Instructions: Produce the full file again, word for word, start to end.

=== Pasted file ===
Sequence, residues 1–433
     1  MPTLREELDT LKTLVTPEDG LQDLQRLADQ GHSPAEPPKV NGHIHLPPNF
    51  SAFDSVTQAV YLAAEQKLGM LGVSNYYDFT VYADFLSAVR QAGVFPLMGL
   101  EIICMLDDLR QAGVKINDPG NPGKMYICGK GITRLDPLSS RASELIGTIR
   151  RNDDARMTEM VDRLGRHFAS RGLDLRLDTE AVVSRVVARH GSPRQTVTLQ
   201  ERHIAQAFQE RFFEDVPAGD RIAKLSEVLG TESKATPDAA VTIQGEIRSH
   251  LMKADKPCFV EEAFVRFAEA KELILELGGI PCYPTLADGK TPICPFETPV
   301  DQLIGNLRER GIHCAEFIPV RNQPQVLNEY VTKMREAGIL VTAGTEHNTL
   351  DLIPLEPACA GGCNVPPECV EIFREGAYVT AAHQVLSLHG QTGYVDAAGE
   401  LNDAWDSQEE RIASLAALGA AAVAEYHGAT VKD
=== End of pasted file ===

Sequence, residues 1–433
     1  MPTLREELDT LKTLVTPEDG LQDLQRLADQ GHSPAEPPKV NGHIHLPPNF
    51  SAFDSVTQAV YLAAEQKLGM LGVSNYYDFT VYADFLSAVR QAGVFPLMGL
   101  EIICMLDDLR QAGVKINDPG NPGKMYICGK GITRLDPLSS RASELIGTIR
   151  RNDDARMTEM VDRLGRHFAS RGLDLRLDTE AVVSRVVARH GSPRQTVTLQ
   201  ERHIAQAFQE RFFEDVPAGD RIAKLSEVLG TESKATPDAA VTIQGEIRSH
   251  LMKADKPCFV EEAFVRFAEA KELILELGGI PCYPTLADGK TPICPFETPV
   301  DQLIGNLRER GIHCAEFIPV RNQPQVLNEY VTKMREAGIL VTAGTEHNTL
   351  DLIPLEPACA GGCNVPPECV EIFREGAYVT AAHQVLSLHG QTGYVDAAGE
   401  LNDAWDSQEE RIASLAALGA AAVAEYHGAT VKD